Demand Leadership Innovation Like a SEAL

My son is a senior in high school. He has his mind made up on entering the special forces. His top choice would be the Navy SEALs. Many, many, many of our conversations are about the SEALs these days. Recently, I came across the Navy SEAL Creed: “We demand discipline. We expect innovation. The lives of my teammates and the success of our mission depend on me. My training is never complete.”  

Anyone who knows much about the Navy SEAL job requirements would not be surprised that the training required to be selected is extremely rigorous. Physical and mental training beyond compare prepares one a recruit to join the ranks of the “elite.” However, as former Navy SEAL Brent Gleeson writes, “you realize you are just another new guy in an already well-established organization. And it only gets tougher from there. The training never ends, and every single mission is rehearsed.”

Seal subWell-run businesses are very similar. A few months ago, I had the opportunity to attend a presentation by Dan Cathy, the current president of Chick-fil-A. Cathy discussed  the extensive training they provide every new hire and how they try to help the employees to anticipate needs rather than simply wait for them to be expressed. 

Gleeson described key characteristics of leaders:

1.     Leaders define the mission. A clearly defined mission starts with the leadership, is ingrained in the team, and is constantly reviewed. Mission success relies more on training than it does on planning. Rarely is a plan executed exactly as it has been laid out, because external forces prevent this. Thus the leadership and team must be ready to adapt. Adaptation requires ability, and ability comes from training.

2.     Leaders set, and reset, the vision. It’s up to leadership to know when shifts in a company’s vision must happen. The organization’s ultimate direction may not change but how you get there most certainly will. That means having a keen understanding of industry trends, economic cycles, and competitive movement. Leaders must be constantly acquiring knowledge and looking to the future.

3.     Leaders build the team. As a company grows it will require different types of talent. If you find the right people and train them accordingly, they will stick around and the business will thrive. It takes good leadership to identify who to hire and the roles to put those people in. This too requires ongoing knowledge development.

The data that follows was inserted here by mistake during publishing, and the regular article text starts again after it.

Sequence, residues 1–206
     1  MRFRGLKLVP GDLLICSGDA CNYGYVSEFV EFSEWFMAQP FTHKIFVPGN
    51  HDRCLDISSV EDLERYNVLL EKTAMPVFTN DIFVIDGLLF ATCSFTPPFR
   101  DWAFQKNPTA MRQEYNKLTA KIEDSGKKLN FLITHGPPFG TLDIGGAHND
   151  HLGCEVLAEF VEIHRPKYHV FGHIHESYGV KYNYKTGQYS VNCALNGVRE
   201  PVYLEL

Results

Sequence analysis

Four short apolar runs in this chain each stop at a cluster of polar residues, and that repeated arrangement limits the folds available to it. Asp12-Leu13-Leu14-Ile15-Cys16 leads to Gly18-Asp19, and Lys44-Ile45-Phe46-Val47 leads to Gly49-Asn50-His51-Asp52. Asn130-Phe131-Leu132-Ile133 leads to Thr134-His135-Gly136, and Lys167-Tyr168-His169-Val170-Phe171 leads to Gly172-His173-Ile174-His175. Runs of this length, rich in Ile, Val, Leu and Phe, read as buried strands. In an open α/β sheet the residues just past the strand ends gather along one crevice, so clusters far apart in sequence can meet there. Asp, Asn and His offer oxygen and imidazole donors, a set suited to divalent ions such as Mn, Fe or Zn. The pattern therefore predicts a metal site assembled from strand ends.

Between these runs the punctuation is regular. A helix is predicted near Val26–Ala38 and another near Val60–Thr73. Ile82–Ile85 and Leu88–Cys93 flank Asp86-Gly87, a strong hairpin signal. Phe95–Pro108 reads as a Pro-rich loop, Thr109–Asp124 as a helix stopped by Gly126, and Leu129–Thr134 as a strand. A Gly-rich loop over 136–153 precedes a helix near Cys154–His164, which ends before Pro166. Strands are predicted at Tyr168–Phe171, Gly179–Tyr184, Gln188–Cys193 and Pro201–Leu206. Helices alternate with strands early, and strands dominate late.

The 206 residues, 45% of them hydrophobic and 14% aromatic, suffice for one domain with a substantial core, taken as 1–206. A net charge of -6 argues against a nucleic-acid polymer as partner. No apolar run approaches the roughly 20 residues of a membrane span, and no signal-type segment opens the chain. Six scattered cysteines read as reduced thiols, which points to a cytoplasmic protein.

4.     Leaders embrace the necessity of growth, both personal and professional. If the mind and body are not in a constant state of growth, eventually things stagnate and progress stalls. Instilling the importance of learning in the team is one thing, but leadership has to embrace this first. Great leaders are always seeking knowledge, developing their minds, and maintaining their bodies. Mental and physical wellness is essential for optimal leadership.

5.     Leaders execute. An organization’s strategic plan means nothing without exceptional execution. As a company grows, the methods of mission execution will change. So will the way in which products and services are provided. The leadership has to build this into the culture, provide the team the proper resources, and remove obstacles. Companies that fail do not fail because the plan wasn’t good enough. They fail because the leaders didn’t execute.

All of these are great guidelines for leaders. What I want to return to from the SEAL Creed is the expectation of innovation. This expectation is something I’d like to see more businesses embrace. The fact that they don’t creates a need for great leaders to champion culture changes. 

 

 

Does Your Company Have an Innovation Identity Crisis?

 

Intrapreneurship – some would argue it to be a subcomponent of innovation; others, an outgrowth of; still others, a precursor to. Regardless your perspective, the concept that some organizations lack the culture to innovate effectively begets the question of how to change said culture. Many wonder what makes the greatest difference in an organization’s ability to innovate. Matthew May is a blogger on innovation and consultant at EDIT Innovation. He wrote recently of the”things that prevent a company from cultivating a companywide culture of innovation:”Corporate culture

1. Innovation identity crisis. If you assume that the consultants at Booz & Co are correct, there are perhaps three distinct approaches to innovation: needs-based, market-driven, and tech-centered. The first is the “humanist” approach good designers take.  The second is the “capitalist” approach…the fast followers that optimize…like a Hyundai, or in many respects Toyota. They capitalize on Clayton Christensen’s “innovator’s dilemma,” quickly copying and even improving on game-changing innovations as they hit the market. The third is the “technologist” approach, like an Apple. Many big companies simply don’t know or can’t easily conceptualize which of these categories they fall into, or should fall into, given their bench strength. 

2. Unclear innovation strategy. Roger Martin, dean of the Rotman School and coauthor of Playing to Win, likes to ask “given your chosen approach, where will you play and how will you win?.” It’s a question of focus, which is something different (albeit a nuanced difference) than prioritization. It’s the ability to identify what you’re going to say NO to. Steve Jobs was great at this, and you’re now seeing the clear picture under his rule become blurry. 

3. Inaccessible definition of innovation. People hear innovation and think: gizmo. Or app. Or code. Or product. Or service. Or feature. JetBlue’s founder David Neeleman said,  “Innovation is figuring how to do something better than it’s ever been done before.” 

4. No common methodology. We’re not taught in school to innovate. We lose our natural born capacity to learn and create new knowledge. Unlearn the ways of business execution and (learn to) define a problem by observing or experiencing it, guessing how to solve it, creating a solution based on that guess, and quickly seeing if what you assumed might work actually does.